Before he did so, however, Miller consulted Kathleen Smith, one of two attorney/advisers on his staff at the time. Miller went to Smith because he noticed that Nerenstone worked at CRS, and he knew that Smith had also worked there previously. Smith was a valued staff person at LASS and Miller respected her judgment. Smith, who testified at trial, was vehemently opposed to hiring Nerenstone. She told Miller that Nerenstone had been "abrasive" and "obnoxious" while she worked with him at CRS. She stated, in fact, that she would leave the LASS staff before she would work with Nerenstone again. Smith referred Miller to Patricia Maslinoff, the other LASS staff person and Don Hunt a former colleague of Plaintiff, to corroborate her assessment of Mr. Nerenstone.

 Miller testified that he was surprised that Smith reacted so strongly against Nerenstone. She had impressed him as a person who was friendly and got along with almost everyone. Miller decided, therefore, to speak with Maslinoff and Hunt regarding Mr. Nerenstone. Both Maslinoff and Hunt confirmed Smith's view that Nerenstone was abrasive.

 Maslinoff, a graduate of the University of Chicago law school, told Miller that on the one occasion she had met Nerenstone, he had been "rude" to her. Maslinoff testified that on that occasion she was working when Smith introduced her to Nerenstone. Nerenstone had been passing near the LASS offices when he came across his former colleague Smith, who offered to show him around her office. In so doing, they bumped into Maslinoff who explained briefly how she was using the computer in the performance of her job. Within minutes of meeting her, Nerenstone began criticizing what Maslinoff was doing. He said she was using the wrong software and hardware and suggested a system which she could use to better do her job. Maslinoff was totally flustered by Nerenstone's actions and attitude. She simply did not want to work with someone who was so abrupt and offensive. When she discussed Nerenstone with her supervisor, Miller, she told him that based upon this encounter, she did not believe that Nerenstone had the requisite interpersonal skills for the LASS jobs. Miller then approached Don Hunt, who dealt with Nerenstone when Hunt was on the Litigation and Information Systems Staff. ("LISS") Hunt confirmed that Nerenstone was "abrasive" and a difficult person to work with.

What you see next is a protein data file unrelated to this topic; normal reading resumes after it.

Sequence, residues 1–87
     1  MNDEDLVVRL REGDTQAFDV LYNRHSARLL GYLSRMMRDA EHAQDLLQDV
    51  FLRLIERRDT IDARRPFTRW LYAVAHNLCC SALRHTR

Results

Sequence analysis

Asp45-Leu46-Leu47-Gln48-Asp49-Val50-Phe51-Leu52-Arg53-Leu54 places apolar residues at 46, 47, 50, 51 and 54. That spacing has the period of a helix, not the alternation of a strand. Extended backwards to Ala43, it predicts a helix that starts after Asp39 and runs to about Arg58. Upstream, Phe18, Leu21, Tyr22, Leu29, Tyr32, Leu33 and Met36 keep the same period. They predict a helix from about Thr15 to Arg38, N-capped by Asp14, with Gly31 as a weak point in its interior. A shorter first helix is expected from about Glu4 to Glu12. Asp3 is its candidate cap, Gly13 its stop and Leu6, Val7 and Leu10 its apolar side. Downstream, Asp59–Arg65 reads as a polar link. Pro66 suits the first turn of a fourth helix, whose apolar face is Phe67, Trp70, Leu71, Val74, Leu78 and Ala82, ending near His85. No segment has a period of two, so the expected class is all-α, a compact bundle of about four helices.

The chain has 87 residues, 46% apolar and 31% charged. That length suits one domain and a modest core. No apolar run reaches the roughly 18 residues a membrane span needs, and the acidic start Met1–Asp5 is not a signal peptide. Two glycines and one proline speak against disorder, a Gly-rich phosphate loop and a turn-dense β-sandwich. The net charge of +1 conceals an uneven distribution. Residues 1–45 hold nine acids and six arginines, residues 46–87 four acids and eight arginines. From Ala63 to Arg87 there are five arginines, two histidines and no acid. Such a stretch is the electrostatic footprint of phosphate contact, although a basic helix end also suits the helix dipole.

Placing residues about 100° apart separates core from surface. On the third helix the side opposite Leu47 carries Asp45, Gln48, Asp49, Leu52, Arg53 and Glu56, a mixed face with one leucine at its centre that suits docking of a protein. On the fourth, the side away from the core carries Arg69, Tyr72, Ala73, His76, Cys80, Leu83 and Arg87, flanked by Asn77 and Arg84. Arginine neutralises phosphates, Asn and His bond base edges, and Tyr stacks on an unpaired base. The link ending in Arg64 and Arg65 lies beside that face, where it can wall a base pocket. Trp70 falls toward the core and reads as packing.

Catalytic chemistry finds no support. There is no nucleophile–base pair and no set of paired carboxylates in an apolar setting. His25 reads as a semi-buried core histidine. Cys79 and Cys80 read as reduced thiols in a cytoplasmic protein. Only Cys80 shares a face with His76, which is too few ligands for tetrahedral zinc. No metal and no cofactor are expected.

Based on the information Miller obtained from Smith, Maslinoff and Hunt he decided that Plaintiff was not the right person for the vacant LASS positions. When Plaintiff telephoned Miller to inquire into the status of his application, Miller told him that he would not be interviewed for a position. Plaintiff asked for the reason, he had been rejected, and Miller told him that he "was too senior" because LASS was "looking for entry level people." At that time Nerenstone was not told of the other reason he had been rejected, namely that he was difficult to work with and that two highly valued employees on the LASS staff did not want to work with him.

 In telling Nerenstone he was too senior for the job, Miller said he was referring to the fact that Plaintiff's current job was at the GS-14 step 10 level and the available LASS positions were at the GS-11/12 levels. In his conversations with Nerenstone, Miller did not want to reveal to him the adverse comments about his abrasive personality which Miller had received from Smith, Maslinoff and Hunt. This was because Miller wanted both to protect his sources and to spare Nerenstone from being told of these negative comments. Upon being turned down for the position, Plaintiff brought this suit.

 DISCUSSION

 A. The Legal Standard:

 In Miller v. Lyng, 660 F. Supp. 1375, 1376 (D.D.C. 1987), this Court articulated the appropriate legal standard to be applied in a case brought under the ADEA:

 The District of Columbia Circuit has explained that in an action under the ADEA:

 'the plaintiff's ultimate burden is to prove that age was 'a determining factor' in the challenged employment decision . . . The plaintiff must prove that "age made a difference in the employer's decision' . . . in the sense that, 'but for' the discriminatory motive, the employee would have been hired, promoted, or retained.'